Back in 1995, a group of Boston cops jumped a Black man dressed in street clothes in an alley in the city’s Mattapan neighborhood, a diverse corner of the city that was rife with gang violence back then, and beat him until he passed out.
The guy on the receiving end, Michael Cox, was one of their own, a cop born and raised in Boston who had cornered a murder suspect in the alley. The mollywhopping he took from his brothers in blue actually allowed the suspect to get away. Cox ended up suing the Boston Police Department for civil rights violations in the incident, which his superiors tried to cover up and the police union that he was a member of worked to protect the cops who beat him.
Today, Cox was named Boston’s police commissioner, taking the helm of the same department that did him dirty 27 years ago. He will be Boston’s third Black commissioner in history.
The second one, Dennis White, was just appointed in early 2021 but was canned by then-Mayor Kim Janey—Boston’s first Black and first woman mayor—a few days later over domestic violence accusations that he had never answered for. White had replaced William Gross, Boston’s first Black police commissioner, who served from 2018 until he retired in January of last year.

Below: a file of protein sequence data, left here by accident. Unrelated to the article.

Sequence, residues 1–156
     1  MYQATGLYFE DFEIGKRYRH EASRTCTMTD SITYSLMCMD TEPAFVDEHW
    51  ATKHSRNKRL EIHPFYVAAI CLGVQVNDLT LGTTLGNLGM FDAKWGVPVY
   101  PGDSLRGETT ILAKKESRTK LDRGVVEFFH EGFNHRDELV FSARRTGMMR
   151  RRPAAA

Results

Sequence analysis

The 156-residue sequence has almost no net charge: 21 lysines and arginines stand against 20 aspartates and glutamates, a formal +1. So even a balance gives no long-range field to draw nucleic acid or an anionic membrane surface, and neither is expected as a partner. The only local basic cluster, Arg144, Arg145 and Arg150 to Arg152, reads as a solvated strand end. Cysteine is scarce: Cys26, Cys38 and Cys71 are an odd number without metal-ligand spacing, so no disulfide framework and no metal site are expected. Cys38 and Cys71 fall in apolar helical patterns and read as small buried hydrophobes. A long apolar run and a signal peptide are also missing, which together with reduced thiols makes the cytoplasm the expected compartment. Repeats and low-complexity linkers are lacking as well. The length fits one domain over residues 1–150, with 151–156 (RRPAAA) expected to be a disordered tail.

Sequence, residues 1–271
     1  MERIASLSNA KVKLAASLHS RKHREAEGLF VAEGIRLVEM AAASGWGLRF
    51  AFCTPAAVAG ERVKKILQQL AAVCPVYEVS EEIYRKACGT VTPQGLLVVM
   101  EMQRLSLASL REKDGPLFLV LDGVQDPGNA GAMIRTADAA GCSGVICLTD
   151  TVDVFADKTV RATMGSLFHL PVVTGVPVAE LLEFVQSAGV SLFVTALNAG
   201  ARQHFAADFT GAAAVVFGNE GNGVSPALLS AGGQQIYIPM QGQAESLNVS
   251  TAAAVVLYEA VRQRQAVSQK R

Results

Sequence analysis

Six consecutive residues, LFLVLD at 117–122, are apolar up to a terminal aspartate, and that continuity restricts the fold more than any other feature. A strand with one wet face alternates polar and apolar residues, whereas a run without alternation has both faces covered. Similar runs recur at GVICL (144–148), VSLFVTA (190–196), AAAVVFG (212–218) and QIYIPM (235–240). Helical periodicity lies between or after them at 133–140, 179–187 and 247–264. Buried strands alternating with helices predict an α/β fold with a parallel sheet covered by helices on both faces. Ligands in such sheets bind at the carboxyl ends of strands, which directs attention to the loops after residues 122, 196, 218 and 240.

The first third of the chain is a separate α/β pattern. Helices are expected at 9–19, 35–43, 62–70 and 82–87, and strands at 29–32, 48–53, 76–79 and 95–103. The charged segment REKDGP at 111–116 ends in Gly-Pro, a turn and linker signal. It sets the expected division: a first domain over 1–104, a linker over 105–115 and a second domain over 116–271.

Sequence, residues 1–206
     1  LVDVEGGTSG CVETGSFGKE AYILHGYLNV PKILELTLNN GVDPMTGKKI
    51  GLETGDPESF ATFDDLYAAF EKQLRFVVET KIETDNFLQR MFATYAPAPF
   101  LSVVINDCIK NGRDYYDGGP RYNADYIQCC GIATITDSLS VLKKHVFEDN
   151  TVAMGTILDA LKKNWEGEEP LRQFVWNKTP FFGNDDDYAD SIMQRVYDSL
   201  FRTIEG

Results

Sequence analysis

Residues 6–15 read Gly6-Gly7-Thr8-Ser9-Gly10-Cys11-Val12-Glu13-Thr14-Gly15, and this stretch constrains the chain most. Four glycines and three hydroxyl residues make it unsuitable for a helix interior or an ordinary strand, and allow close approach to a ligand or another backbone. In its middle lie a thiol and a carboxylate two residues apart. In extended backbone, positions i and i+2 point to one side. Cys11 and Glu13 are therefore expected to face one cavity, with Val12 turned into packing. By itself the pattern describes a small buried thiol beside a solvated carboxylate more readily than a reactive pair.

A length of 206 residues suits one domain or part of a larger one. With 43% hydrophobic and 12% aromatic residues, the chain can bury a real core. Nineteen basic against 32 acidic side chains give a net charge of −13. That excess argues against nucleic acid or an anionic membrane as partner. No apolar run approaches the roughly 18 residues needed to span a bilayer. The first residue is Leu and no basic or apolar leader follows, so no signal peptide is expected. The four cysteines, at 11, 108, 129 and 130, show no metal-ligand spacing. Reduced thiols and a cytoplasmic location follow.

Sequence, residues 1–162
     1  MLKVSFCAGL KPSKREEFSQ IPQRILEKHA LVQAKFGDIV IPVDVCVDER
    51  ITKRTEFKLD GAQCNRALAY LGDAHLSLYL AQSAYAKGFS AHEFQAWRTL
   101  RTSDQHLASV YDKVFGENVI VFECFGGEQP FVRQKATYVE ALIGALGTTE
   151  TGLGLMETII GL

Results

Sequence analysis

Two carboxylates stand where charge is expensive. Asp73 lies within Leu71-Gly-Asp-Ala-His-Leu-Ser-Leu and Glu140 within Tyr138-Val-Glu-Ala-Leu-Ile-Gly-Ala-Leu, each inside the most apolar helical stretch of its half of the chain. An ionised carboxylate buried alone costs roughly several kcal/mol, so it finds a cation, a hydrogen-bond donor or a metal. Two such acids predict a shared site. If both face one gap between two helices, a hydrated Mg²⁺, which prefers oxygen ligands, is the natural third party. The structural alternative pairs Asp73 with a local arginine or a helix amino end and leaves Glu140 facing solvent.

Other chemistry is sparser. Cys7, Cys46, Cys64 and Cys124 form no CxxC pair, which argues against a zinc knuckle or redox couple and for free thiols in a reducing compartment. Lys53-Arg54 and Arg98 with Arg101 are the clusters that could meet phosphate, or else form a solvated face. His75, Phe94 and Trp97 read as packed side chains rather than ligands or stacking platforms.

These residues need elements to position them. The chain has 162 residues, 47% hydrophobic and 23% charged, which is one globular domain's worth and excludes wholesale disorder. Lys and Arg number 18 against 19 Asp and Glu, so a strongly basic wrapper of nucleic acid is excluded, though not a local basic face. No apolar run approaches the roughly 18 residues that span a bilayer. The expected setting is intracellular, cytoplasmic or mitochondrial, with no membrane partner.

If you’re still following, it gets better. Cox was appointed by Mayor Michelle Wu, the city’s second nonwhite woman to hold that job. Wu was under pressure from inside the department and from Boston residents to find a new commissioner that the locals trusted, especially after Boston Police were caught flat-footed over the Independence Day weekend when about 100 masked white supremacists assaulted a Black man while marching through the city’s downtown. (I told y’all after that happened just how a bad look that was for a city that’s been trying for two decades to convince itself, and everybody else, that it’s not actually racist).
One last detail that’s just the icing on the cake. The man Cox was chasing back in 1995 before he got beat up by his coworkers? He was eventually arrested, tried for and acquitted of murder. But that’s not the best part: he took the stand on Cox’s behalf in the federal civil rights lawsuit that Cox filed.
Cox, 57, first joined the Boston Police Department in 1989 but has been chief of police in Ann Arbor, Mich., since 2019. He takes the helm next month.
And oh, yeah: some of the cops that beat him up in January 1995 are still on the force. They work for him now.